Saturday, 4 May 2013
Hope for Roona Begum, 18-month-old girl with rare skull condition, after undergoing life-saving surgery
A toddler whose head is three times normal size has had the swelling reduced after life-saving surgery.
The head circumference of 18-month-old Roona Begum has fallen from 37ins to 29ins following a series of procedures at a private hospital near India's capital New Delhi.
Tragic Roona, who suffers from a severe case of hydrocephalus - water on the brain - is responding well, said her mother Fatima Khatoon, 24.
Treatment: Toddler Roona Begum has had a series of procedures at a private hospital near New Delhi to reduce the swelling of her head which has ballooned to three times normal size
Gentle: A doctor at the hospital near New Delhi tenderly treats Roona for her extreme case of hydrocephalus
Operation: So far doctors have reduced the swelling around 18-month-old Roona's head by nine inches
She added:' It's hard watching our daughter go through this but we know it will be worth it in the end. She's responding more and more after every procedure.'
After her daughter's plight appeared in a number of publications, including MailOnline, a charity came forward to offer help.
The Fortis Foundation flew the poverty-stricken family from their rural village to the hospital in Gurgaon two weeks ago where doctors hope the exploratory procedure will relieve the pressure and allow them to properly examine Roona before deciding how to treat her further.
Worried parents: Mother Fatima Khatoon, 24, and 19-year-old father Abdul Rehman
Waiting: Parents Fatima and Abdul at the private hospital near New Delhi where their daughter is being treatedia.
New hope: Roona begum will undergo surgery to drain fluid from her brain tomorrow after a charity stepped in to help her
Doctors have already said that the youngster is lucky to be alive, with most sufferers of the condition not surviving beyond a year old.
Dr Sandeep Vaishya, Director of Neurosurgery at Fortis Memorial Research Institute, who is treating Roona, said: 'I was surprised when I saw the baby for the first time. Even though I had seen her pictures, I wasn't expecting the head to be so big.
'Her head measures 94 cm, in similar cases the average measurement is around 50-60 cm.
Heartbreaking: 18-month-old Roona's head has swelled to more than three times its normal size due to a rare condition which has caused fluid to collect on her brain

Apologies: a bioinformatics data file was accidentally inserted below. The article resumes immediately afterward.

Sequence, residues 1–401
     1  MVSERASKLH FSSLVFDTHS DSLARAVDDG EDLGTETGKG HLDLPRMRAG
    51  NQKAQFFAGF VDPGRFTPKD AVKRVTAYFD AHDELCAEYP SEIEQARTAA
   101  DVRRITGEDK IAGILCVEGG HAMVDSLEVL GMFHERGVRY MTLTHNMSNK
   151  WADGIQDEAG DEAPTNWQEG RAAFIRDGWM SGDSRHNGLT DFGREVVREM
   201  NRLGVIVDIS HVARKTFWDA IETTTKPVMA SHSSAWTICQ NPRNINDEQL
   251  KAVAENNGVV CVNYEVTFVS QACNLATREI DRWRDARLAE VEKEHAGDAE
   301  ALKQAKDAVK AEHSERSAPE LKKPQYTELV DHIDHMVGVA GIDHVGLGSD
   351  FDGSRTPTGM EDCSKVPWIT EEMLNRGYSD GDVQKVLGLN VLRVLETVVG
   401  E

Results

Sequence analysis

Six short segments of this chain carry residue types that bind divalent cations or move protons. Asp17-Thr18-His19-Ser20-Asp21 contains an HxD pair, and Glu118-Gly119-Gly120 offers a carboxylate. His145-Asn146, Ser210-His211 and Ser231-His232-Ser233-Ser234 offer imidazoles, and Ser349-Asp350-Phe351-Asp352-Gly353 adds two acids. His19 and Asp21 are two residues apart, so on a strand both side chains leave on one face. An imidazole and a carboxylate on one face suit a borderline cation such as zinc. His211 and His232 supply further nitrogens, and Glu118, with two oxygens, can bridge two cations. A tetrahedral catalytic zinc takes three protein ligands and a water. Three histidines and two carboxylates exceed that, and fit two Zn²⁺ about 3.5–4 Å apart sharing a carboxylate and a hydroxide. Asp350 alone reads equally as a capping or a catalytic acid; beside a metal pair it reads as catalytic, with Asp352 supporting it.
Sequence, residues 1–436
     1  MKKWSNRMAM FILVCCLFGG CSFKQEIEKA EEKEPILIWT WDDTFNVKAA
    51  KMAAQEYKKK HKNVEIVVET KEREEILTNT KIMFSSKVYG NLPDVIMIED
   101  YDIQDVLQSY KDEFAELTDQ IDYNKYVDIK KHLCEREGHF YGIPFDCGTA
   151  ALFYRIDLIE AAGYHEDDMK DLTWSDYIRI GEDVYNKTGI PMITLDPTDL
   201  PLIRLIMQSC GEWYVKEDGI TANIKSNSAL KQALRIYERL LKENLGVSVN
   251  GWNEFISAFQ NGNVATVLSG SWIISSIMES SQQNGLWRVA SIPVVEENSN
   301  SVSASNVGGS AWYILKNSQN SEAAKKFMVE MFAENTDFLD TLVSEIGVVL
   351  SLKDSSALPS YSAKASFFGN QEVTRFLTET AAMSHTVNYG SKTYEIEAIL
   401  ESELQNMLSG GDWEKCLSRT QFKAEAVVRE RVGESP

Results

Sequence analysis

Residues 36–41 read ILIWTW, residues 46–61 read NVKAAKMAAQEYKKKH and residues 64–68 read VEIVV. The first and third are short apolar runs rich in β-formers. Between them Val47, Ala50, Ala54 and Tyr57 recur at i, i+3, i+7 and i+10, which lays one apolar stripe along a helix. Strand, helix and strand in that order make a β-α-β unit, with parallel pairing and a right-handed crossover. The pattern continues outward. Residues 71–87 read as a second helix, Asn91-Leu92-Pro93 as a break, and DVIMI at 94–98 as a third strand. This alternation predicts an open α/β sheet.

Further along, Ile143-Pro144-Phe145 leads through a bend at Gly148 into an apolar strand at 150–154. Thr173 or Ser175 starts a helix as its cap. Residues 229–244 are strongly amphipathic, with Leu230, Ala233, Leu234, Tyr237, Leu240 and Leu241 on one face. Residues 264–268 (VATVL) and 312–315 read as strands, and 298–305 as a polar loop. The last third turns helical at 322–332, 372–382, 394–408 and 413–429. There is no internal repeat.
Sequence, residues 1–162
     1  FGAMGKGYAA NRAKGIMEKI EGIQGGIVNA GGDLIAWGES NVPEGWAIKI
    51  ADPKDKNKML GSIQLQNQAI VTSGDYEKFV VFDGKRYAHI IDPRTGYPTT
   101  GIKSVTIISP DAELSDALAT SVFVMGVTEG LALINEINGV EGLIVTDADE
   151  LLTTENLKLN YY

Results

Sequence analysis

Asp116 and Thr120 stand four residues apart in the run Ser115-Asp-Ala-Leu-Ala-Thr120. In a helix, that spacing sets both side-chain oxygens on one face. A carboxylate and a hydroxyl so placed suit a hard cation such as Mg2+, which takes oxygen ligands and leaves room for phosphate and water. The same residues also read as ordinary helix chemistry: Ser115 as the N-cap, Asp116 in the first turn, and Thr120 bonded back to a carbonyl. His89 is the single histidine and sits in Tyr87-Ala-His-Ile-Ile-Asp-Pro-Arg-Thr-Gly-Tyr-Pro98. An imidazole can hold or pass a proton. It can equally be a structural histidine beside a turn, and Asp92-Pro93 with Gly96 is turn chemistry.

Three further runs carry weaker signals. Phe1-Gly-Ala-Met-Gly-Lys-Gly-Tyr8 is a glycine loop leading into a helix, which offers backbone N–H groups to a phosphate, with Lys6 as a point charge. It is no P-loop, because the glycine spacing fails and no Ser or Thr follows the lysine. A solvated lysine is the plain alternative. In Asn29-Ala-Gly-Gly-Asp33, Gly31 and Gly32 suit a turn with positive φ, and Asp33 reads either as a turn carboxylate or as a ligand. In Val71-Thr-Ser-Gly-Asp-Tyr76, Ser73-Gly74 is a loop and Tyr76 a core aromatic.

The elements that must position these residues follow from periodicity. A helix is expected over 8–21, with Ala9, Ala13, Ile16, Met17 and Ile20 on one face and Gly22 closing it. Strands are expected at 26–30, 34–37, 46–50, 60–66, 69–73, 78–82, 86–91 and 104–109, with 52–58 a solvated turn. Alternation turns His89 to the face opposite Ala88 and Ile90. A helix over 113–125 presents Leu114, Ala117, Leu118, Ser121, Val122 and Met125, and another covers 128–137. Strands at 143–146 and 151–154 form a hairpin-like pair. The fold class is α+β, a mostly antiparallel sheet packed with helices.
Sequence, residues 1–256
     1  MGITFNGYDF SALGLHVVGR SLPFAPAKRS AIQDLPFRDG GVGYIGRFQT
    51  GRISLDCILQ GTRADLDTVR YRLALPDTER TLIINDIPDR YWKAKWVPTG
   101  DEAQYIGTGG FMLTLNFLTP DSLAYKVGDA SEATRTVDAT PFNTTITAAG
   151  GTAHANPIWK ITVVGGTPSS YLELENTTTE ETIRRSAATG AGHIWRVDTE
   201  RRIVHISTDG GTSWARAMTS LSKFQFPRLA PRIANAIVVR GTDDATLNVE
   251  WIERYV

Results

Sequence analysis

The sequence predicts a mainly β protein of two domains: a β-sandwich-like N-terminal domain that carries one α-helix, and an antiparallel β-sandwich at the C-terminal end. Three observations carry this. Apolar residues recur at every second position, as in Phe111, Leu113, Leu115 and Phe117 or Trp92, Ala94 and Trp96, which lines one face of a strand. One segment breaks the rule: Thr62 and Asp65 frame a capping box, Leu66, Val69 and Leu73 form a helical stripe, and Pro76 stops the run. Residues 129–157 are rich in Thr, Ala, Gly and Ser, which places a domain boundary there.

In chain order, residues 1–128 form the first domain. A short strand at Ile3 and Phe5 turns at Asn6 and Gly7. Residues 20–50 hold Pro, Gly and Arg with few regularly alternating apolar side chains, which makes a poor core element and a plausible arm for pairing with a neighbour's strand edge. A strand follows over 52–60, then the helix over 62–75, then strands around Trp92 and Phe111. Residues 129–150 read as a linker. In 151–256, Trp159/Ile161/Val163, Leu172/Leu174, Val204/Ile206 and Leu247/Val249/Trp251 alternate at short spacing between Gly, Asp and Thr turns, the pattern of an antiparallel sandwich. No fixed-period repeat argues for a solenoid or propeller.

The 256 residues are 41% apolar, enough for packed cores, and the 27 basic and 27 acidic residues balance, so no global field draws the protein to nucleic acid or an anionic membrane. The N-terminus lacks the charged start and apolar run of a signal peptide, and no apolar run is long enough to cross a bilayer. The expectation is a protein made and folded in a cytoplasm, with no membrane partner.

Getting help: Dr Sandeep Vaishya, from the Fortis Memorial Research Institute, examines Roona Begum, who was born with hydrocephalus
Countdown: Abdul and Fatima sit by their daughter's bedside in hospital ahead of the life-saving surgery
Treatment: Roona is being treated at a private hospital after the Fortis Foundation offered to help
'It is swollen to an extent that she is not able to close her eyes completely. We have an opthamologist looking at her eyes, so that there are no complications there.
'We are hopeful that she will make a complete recovery. The challenge is to drain her brain fluid in a gradual manner, so as the brain gets used to it.'
Fatima said: 'When she was born, I wondered why do children of poor people like us suffer this fate?
Loving: Fatima Khatoon attempts to comfort her young daughter as she rests in her hospital bed
Poorly: Doctors say that Roona is lucky to be alive as sufferers of the condition normally do not live beyond a year
'Why is fate cruel to us? Why do rich people who can afford to cure their kids never get diseases like this?
'Before she was born, I went to a doctor twice. Once when I was one month pregnant and than when I was six months pregnant. We did not have money to go more often.
'She was born through a Caesarian operation and the doctor told us we had to take her out of Agartala to get her treated. But we did not have any money at all.'
But the devastated mother revealed some family members had been less than supportive.
Fatima added: 'When she is better, I hope my in-laws accept her. And she can have the love she deserves from her grandparents.'
Roona's father Abdul, 19, added: 'Even though our neighbours come and play with her, my parents have refused to acknowledge her existence, since she was born.'
Abdul, who earns the equivalent of just £1.82 a day as a labourer thanked those who had helped Roona.
He said: 'I cannot find work every day. Its hard enough to earn for food, so her treatment would have been impossible had it not been for the press and hospital people who have helped us.'